Monday, January 11, 2010

The movie revolution

We saw Avatar last weekend, in 3-D Imax, which was quite remarkable. Being a human chauvinist, I found it a little difficult to get with the story line so that I could rejoice when the humans were trounced (whatever their nasty militaristic intentions were).

I see that Sony says they will be selling a 3-D TV this year. I think the way this will work is that the TV will run at double speed, showing left eye/right eye frames in succession. Viewers will need active glasses that black out one eye and then the other, synchronized by a signal from the TV. Presumably the TV will also be able to show just every second frame, so that you can watch it in 2-D if you don't have the special glasses.

Back to Avatar: I thought the Na'avi were astonishing. I quite forgot that they were computer-generated. Using real actors with dots on their faces so that the Na'avi figures could follow even subtle changes in expression made them seem very real.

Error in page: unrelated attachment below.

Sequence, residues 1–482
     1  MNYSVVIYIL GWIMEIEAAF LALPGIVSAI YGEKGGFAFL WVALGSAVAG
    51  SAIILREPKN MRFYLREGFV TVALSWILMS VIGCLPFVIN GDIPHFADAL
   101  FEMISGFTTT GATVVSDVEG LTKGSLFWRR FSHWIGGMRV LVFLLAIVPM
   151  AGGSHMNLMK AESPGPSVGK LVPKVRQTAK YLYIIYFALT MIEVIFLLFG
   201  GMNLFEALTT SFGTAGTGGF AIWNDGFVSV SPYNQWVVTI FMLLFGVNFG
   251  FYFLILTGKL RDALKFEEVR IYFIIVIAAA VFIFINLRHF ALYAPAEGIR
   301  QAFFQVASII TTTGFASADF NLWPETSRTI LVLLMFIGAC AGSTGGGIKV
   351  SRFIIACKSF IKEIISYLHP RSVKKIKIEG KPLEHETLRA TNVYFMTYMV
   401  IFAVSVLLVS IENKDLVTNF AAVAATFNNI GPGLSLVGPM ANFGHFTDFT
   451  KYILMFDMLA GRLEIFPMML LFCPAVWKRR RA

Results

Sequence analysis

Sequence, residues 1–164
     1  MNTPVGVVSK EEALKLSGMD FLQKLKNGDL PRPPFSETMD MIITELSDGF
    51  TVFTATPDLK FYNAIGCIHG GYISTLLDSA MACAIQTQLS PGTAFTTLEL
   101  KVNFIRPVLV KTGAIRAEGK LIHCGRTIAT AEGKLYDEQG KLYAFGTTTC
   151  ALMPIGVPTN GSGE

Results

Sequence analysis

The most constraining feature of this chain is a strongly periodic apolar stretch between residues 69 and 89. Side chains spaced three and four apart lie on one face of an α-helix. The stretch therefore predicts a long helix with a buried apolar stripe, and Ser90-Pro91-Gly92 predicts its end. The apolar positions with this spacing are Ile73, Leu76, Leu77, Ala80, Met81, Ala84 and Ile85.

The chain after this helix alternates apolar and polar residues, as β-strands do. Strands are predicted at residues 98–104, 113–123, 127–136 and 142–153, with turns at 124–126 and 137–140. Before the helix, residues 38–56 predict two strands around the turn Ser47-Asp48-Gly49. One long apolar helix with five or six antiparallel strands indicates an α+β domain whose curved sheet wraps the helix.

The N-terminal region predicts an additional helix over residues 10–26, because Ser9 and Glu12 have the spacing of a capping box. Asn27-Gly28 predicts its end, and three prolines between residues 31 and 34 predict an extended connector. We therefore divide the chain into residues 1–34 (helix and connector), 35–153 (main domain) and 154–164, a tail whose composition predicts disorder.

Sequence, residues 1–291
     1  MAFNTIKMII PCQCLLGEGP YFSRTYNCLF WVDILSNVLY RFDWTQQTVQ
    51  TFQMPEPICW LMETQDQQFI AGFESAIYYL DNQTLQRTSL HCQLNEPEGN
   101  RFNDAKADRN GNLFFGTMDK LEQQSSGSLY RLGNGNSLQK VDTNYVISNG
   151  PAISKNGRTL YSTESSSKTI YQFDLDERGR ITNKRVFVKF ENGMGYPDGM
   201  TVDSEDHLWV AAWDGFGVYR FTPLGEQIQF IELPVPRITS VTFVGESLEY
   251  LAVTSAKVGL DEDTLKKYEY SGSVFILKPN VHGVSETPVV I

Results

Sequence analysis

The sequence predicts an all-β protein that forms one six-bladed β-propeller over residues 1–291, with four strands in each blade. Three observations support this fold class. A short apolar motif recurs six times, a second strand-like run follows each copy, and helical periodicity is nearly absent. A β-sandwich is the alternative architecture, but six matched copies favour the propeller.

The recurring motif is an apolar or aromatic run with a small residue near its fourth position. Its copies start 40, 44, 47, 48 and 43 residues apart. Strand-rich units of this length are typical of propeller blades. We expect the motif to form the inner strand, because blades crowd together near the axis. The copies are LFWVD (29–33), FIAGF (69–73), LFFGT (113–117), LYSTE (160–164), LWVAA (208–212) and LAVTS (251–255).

This technology, especially the terrific 3-D, could and will be used to make great documentaries. The major strength of the computer simulation is however the realistic representation of humans (or humanoids). It won't be long, I predict, before we see an updated remake of, say, the 1957 movie 'To Catch a Thief,' starring excellent simulations of Cary Grant and Grace Kelly. 

This is going to destroy the star system in Hollywood: very soon stars will no longer need to be beautiful, since their features will not appear. They will be mere moving templates for whatever characters the director wants.

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